Smelling LA: What's Your Neighborhood's Scent?

A "participatory olfactory artwork" asks the nosy questions, at SMMoA.

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    NEWSLETTERS

    SMMoA
    Smelling Los Angeles, a "participatory olfactory artwork" headed for the Santa Monica Museum of Art, is asking Angelenos to weigh in on the distinctive scent of their neighborhood.

    If you had to describe the smell of your neighborhood, would you start with a general fragrance -- the foggy-salty air that rolls in off the ocean in the morning -- or would you begin with a more specific scent, like the tortilla chips hitting the fryer down at the corner restaurant each day at 8 o'clock?

    Smell is deeply subjective, and as twisted through with memory as a bougainvillea around a lemon tree, but every SoCaler can probably associate his or her own neighborhood with something that's piquant to the nose.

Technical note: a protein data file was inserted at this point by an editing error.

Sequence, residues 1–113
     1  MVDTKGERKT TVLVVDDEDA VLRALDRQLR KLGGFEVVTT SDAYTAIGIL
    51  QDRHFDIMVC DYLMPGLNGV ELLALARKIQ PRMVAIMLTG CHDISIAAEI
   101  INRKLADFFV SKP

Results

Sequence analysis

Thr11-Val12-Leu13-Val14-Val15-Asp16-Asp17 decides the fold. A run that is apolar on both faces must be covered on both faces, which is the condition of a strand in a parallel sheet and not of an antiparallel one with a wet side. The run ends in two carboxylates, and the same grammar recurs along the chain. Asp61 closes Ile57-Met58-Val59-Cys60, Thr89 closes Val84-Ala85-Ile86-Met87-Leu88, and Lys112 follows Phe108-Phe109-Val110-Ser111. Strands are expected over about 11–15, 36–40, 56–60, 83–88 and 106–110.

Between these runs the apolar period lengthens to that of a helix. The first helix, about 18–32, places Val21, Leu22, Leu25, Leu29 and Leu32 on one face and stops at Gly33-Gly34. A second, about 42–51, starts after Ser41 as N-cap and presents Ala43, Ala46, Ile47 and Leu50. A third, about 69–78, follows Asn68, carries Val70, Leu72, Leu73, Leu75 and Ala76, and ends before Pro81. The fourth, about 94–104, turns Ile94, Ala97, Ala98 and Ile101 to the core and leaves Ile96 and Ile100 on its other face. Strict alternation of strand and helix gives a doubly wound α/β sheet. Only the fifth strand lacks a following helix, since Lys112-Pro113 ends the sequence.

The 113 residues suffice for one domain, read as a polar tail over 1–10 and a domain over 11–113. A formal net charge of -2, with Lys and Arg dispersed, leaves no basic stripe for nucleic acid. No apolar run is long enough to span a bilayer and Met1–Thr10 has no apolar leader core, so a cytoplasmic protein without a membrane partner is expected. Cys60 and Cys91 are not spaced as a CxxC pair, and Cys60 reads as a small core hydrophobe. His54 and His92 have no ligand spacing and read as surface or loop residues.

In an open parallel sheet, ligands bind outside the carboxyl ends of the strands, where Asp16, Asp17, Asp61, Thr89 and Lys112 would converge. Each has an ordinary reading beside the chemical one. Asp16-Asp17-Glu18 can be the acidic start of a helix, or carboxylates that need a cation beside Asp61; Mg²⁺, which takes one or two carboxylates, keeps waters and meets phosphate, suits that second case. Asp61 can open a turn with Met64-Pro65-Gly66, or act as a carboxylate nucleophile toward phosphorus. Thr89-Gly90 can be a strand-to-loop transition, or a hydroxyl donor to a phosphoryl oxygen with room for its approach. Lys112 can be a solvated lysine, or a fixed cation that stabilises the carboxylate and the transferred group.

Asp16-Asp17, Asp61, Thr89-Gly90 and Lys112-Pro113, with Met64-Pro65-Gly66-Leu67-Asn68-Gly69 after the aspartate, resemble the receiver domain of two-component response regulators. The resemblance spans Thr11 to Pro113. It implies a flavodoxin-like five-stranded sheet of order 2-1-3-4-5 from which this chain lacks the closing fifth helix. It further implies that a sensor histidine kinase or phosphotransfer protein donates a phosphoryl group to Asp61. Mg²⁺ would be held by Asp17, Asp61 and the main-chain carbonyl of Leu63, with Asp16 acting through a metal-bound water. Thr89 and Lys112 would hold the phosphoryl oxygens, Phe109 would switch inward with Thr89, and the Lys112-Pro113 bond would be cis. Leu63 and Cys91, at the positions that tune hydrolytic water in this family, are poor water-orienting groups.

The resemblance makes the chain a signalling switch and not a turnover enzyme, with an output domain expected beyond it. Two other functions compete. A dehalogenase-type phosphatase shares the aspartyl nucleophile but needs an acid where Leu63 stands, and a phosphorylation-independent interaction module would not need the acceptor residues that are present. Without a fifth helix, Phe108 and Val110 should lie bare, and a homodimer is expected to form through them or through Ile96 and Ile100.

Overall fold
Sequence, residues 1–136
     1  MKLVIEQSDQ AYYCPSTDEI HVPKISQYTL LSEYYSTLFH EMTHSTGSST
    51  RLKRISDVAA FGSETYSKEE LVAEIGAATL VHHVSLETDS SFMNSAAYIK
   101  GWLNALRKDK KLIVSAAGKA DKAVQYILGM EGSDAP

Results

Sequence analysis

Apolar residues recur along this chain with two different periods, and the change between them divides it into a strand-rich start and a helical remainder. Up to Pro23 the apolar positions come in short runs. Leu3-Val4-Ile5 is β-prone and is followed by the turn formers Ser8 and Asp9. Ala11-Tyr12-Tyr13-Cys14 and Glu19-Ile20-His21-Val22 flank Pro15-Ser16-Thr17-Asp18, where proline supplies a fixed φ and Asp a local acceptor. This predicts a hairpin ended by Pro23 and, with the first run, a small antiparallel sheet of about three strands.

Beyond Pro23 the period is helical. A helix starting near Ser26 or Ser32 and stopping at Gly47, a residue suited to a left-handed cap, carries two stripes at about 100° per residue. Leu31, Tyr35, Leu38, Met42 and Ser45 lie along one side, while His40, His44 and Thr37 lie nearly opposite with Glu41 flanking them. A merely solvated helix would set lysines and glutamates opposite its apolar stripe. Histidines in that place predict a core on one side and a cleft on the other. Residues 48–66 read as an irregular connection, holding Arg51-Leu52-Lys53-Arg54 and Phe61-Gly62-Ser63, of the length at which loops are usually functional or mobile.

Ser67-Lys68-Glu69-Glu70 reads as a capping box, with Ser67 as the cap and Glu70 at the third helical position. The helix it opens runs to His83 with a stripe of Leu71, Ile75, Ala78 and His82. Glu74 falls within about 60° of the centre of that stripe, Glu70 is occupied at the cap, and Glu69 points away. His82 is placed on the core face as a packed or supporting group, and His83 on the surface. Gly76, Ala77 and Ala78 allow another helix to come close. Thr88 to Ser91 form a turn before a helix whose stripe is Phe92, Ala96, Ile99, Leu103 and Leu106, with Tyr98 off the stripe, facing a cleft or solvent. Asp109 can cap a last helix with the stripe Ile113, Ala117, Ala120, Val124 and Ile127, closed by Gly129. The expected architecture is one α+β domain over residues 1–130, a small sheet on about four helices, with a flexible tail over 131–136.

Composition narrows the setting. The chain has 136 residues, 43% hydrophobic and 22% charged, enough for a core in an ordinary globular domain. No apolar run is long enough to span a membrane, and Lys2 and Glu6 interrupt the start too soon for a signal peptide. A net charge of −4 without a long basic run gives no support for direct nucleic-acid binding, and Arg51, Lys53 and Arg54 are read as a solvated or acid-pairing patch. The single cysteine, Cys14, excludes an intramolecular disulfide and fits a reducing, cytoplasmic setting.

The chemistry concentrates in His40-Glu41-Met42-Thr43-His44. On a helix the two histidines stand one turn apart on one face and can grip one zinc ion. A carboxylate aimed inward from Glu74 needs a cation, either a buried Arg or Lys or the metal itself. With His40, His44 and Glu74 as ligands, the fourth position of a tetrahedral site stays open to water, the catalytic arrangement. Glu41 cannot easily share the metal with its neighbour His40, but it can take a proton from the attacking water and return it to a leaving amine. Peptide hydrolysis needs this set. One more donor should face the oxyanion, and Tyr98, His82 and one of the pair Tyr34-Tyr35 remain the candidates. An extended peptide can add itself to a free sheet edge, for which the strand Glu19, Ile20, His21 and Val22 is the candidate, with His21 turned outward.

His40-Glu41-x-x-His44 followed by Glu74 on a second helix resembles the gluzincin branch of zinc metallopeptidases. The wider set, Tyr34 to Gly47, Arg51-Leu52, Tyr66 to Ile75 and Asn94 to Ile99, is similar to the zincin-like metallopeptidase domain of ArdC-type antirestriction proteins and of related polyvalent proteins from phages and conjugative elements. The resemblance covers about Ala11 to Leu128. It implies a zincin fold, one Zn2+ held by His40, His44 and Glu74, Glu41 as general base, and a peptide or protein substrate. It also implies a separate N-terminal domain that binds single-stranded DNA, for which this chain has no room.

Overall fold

And that's what Sillage, an upcoming event at the Santa Monica Museum of Art, hopes to explore. Helmed by artist Brian Goeltzenleuchter and the Institute of Art and Olfaction, Sillage will break down the odors and sniffs and aromas of Southern California, neighborhood-by-neighborhood.

    The event will perfume up the Westside institution on Saturday, June 28. It is free.

    But just how neighborhood-by-neighborhood are we talking here? There's a survey covering ten big areas throughout Los Angeles, including Hollywood and the Harbor Area. People are invited to fill out what fragrance they most associate with the area, thinking of it as a "scent-scape."

    Indeed, the cities by the water may get more "briny" and "oceanic" labels, while Wilshire? Well, we'd have to go methane, all the way. (Courtesy of the La Brea Tar Pits, of course.) And, of course, a certain fiery condiment, and its memorable scent, has been in the news lately.

    Your neighborhood, or one nearby, may be listed, so have a look-see, then turn your nose to the wind. Is that orange blossom you're detecting? A trafficky boulevard? Restaurant Row?

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